Anything can happen – and it often does! One of the old clichés in professional athletics is that on any given day in any given city, one professional athletic team can beat another team. Their standings in the won-loss record at that moment don’t really matter. That’s equally true in individual competition when you have players who are skilled and determined to do their best.
Kathy Horvath is a classic example. Kathy Horvath had every reason to believe that she would lose when she faced Martina Navratilova on May 28, 1983. Kathy was rated 45th in the world; Martina was ranked number one and had not lost a match all year. Martina had won 36 straight matches. Her record in 1982 was 90 victories with only three defeats. Her defeats were to highly-ranked players like Chris Everett Lloyd and Pam Schreiber. Furthermore, Kathy Horvath was only 17 years old and they were playing in front of 16,000 people.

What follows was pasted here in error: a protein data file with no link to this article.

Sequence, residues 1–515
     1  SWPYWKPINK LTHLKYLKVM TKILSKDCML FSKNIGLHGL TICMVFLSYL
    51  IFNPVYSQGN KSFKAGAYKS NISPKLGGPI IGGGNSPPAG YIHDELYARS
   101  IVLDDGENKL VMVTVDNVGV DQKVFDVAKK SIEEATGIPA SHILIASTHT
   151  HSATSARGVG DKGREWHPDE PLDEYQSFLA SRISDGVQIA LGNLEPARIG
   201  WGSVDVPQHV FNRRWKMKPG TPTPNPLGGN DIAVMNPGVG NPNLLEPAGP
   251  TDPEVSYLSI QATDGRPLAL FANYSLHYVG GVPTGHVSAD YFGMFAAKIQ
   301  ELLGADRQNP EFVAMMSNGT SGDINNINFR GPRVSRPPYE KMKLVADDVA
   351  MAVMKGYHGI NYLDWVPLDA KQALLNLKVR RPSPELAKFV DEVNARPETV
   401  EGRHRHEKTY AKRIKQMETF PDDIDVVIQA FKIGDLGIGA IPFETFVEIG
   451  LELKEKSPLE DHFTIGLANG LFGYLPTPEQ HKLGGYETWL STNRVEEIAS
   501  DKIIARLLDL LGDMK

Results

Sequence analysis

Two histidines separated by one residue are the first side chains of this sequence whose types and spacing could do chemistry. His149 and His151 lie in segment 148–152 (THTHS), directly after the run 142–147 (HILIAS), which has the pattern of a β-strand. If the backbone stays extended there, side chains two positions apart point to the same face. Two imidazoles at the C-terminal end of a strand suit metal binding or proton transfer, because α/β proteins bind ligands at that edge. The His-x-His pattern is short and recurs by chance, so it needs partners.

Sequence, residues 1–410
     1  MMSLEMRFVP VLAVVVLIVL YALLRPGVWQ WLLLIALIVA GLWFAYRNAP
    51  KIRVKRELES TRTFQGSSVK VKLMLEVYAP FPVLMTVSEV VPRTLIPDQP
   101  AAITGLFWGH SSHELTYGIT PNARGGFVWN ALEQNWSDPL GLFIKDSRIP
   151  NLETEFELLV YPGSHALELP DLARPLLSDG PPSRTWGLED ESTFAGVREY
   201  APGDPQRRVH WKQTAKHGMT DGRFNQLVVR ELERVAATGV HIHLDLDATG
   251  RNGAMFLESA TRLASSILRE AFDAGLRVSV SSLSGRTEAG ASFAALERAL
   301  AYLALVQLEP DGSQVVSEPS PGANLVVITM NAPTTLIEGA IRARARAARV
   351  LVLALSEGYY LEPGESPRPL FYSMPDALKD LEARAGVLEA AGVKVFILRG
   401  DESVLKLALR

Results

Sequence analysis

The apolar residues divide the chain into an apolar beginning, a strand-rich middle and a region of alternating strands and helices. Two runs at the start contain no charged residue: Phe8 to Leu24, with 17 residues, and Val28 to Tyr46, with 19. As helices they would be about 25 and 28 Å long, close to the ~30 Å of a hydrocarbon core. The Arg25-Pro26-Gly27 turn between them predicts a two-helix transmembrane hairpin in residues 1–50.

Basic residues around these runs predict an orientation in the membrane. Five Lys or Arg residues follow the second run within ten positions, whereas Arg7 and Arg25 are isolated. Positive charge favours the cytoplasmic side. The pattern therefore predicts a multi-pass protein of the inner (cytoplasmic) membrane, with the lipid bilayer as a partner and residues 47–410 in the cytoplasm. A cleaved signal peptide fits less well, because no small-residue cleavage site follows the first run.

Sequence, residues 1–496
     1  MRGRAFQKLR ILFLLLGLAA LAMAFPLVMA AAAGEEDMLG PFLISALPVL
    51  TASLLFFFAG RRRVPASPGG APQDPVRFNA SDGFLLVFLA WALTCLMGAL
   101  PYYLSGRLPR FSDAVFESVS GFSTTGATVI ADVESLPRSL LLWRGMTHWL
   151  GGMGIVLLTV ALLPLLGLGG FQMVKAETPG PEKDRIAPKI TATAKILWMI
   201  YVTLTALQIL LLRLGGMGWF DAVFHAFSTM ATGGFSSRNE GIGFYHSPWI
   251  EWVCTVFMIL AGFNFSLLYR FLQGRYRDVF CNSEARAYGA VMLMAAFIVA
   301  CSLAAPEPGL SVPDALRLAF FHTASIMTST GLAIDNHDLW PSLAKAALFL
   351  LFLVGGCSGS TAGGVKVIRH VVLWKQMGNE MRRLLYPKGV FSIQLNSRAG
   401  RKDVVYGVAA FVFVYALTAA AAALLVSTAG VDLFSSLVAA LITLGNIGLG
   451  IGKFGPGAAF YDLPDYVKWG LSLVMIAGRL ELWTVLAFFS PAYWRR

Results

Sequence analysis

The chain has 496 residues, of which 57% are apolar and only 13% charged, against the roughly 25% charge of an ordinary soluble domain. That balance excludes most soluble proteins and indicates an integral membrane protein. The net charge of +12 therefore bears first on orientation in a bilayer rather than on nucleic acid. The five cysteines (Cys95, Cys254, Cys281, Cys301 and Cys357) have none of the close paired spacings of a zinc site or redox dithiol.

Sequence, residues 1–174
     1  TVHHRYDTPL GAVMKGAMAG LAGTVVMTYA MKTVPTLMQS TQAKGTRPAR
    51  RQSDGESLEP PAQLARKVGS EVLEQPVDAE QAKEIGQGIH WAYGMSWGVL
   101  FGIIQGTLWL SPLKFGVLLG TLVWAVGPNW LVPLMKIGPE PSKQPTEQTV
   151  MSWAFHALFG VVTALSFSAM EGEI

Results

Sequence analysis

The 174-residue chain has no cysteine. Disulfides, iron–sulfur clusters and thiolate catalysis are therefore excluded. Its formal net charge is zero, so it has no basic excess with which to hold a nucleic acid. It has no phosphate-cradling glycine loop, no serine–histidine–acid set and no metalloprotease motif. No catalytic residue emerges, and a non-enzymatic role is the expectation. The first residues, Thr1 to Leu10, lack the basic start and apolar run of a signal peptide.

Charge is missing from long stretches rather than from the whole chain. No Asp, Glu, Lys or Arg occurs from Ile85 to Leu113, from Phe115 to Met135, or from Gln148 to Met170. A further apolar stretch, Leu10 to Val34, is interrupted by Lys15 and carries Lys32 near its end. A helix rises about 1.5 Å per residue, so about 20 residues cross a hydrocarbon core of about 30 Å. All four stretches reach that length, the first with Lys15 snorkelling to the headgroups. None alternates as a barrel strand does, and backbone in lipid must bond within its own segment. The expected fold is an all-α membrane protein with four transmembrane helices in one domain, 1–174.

As it often happens in matches like this, Kathy got off to a fast start and won the first set 6-4. Martina came storming back in the second set and blew her off the court, winning that set 6-0. They started the last set and it was truly nip-and-tuck. They were tied at 3-3 and Martina was serving. To everyone’s surprise, Kathy Horvath, the overwhelming underdog, won the set and the match. Someone asked Kathy about her strategy and she replied very simply, “I was playing to win.”
That’s significant. Too many people play not to lose; Kathy was playing to win. The message is clear. Play to win.
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